Last modified: 2007-03-10 by phil nelson
Keywords: shanghai puppet state | ying-yang |
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From 1937 to 1940, Japan occupied Shanghai.
Nozomi Kariyasu, 26 March 1998
Today, I incidentally found some mentioning of this flag and puppet government behind this flag in the article "Hanjian! --Collaboration and Retribution in Wartime Shanghai" by Frederic Wakeman Jr., a historian at the University of California Berkeley. This article was published in the book Becoming Chinese: Passages to Modernity and Beyond (edited by Wen-hsin Yeh, University of California Press, 2000):
On December 5 1937, Su Xiwen, a Waseda (Waseda University, Japan)-educated philosopher, inaugurated "the Great Way" (the Dadao) puppet municipal government of Shanghai. Su has taught political theory at the private Chizhi Univeristy in Jiangwan. His Buddhist-Daoist syncretism ("All under heaven one family / Myriad laws revert to one") influenced the Great Way government's choice of flag, which is a taiji (=yin-yang) symbol on a yellow background. […]
In truth, the Dadao puppet government was short-lived, at least in nomenclature. The malodorous characteristics of its leading members, a potpourri of Venerable Mother religious cultists, smugglers, gamblers, narcotics dealers, panderers, and former rickshaw pullers, were liability enough. But just as damaging was the Japanese handlers' contempt for Su Xiwen, whose philosophizing was not taken very seriously after the Special Services brought in a tough north China hanjian (collaborationist) named Wang Zihui to run their Shanghai operations.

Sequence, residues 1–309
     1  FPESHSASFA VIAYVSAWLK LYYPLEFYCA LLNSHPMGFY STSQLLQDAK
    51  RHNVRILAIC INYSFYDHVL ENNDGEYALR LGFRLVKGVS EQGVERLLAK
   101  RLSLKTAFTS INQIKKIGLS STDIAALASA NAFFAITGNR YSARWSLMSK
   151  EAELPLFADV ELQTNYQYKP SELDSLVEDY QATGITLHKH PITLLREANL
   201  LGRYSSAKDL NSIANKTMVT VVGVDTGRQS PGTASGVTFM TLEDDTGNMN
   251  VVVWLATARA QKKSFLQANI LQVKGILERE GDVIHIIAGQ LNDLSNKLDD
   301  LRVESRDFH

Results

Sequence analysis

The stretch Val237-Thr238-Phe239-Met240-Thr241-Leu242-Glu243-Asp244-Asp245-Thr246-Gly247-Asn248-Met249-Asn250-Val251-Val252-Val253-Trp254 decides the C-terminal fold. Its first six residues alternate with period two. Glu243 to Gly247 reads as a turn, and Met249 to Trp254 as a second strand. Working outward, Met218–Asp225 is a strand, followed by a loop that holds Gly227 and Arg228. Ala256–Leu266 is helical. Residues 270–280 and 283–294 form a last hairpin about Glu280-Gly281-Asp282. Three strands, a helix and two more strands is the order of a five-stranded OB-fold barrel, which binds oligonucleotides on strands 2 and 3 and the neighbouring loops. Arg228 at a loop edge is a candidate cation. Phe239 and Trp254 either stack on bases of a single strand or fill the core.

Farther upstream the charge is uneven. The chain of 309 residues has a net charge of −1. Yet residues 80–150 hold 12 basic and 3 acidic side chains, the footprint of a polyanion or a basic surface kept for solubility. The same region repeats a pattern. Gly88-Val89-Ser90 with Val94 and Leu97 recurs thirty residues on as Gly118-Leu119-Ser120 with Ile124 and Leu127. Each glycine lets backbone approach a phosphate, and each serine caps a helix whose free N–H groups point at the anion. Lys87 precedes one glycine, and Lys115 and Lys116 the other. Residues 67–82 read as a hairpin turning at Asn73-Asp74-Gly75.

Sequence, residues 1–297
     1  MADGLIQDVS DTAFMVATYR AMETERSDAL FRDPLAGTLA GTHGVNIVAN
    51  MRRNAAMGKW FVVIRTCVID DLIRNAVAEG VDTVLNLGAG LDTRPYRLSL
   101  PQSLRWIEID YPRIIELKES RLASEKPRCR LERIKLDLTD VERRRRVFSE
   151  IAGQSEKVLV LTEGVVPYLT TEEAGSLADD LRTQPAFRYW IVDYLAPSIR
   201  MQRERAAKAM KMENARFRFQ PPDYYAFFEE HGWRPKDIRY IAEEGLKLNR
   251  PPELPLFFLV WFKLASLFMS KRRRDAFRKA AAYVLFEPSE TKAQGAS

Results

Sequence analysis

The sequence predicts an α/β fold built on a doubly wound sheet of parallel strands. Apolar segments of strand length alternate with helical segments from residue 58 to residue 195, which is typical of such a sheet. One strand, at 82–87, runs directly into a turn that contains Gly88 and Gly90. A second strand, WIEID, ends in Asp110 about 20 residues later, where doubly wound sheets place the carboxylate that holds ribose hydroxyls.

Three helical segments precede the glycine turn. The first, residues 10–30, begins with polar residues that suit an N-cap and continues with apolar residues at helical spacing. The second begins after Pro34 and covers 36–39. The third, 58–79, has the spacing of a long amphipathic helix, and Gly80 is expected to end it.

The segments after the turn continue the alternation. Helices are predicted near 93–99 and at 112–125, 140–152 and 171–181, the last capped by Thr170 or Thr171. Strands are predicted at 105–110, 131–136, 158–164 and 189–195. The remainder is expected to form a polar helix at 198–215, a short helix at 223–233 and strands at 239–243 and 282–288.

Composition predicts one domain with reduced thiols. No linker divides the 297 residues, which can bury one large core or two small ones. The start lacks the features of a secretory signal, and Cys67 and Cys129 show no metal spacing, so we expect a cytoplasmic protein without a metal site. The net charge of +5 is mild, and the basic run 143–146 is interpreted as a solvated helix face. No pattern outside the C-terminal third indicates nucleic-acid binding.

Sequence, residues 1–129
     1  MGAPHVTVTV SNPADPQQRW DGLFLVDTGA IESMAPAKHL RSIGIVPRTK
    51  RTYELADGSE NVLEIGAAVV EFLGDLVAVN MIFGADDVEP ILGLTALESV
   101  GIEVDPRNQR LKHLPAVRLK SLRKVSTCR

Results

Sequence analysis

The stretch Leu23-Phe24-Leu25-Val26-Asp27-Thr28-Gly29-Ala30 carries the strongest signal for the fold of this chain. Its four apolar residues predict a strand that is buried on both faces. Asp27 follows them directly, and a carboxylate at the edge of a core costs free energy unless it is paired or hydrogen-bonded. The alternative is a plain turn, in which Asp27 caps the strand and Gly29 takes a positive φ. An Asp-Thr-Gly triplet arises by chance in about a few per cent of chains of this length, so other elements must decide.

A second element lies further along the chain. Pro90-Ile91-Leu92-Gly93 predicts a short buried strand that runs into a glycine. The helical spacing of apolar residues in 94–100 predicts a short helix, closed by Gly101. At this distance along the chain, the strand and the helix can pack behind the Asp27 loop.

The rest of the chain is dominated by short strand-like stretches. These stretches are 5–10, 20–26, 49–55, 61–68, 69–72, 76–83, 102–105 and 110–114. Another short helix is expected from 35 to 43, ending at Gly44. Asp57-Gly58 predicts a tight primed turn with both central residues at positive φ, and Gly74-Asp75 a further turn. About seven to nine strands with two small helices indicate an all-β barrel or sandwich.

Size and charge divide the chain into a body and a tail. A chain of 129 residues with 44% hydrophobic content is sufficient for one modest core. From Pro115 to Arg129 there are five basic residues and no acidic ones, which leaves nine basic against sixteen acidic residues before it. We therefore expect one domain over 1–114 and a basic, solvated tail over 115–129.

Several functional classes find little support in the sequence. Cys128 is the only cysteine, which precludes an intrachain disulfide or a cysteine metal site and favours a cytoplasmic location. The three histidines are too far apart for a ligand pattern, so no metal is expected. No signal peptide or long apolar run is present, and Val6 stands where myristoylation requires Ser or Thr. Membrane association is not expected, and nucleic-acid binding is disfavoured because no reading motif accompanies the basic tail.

[…] Consequently, after the puppet administration in north China was incorporated in January into a single provisional government, in South China a "Reform Government" was set up in March 1938 in Nanjing headed by Liang Hongzhi.
[…] Shanghai sympathizers […] tepidly celebrated the establishment of the Reform Government on March 28, 1938. The puppet Self-Government Committee held one meeting in the Confucian Temple where, under the old five-bar national flag of the Beiyang warlords
[…] Within a month, on April 28, 1938, the Reform Government has commissioned a Supervisionary Yamen to take over the functions of municipal administration formerly wielded by the Dadao puppet regime. Su Xiwen formally recognized the superior legitimacy of the Reform Government by adopting its flag in May 3…"
A brief summary on flags used in Japanese-occupied Japan:
14 August - 5 December 1937: Japanese flag
5 December 1937- 2 May 1938: Flag of the Dadao Government; Yin-yang on yellow
5 May 1938- 29 March 1940: Reform Government, 1912 flag.
30 March 1940 onwards: Nanking Government, PoC-1927 flag with pennant.
John Ma, 27 November 2003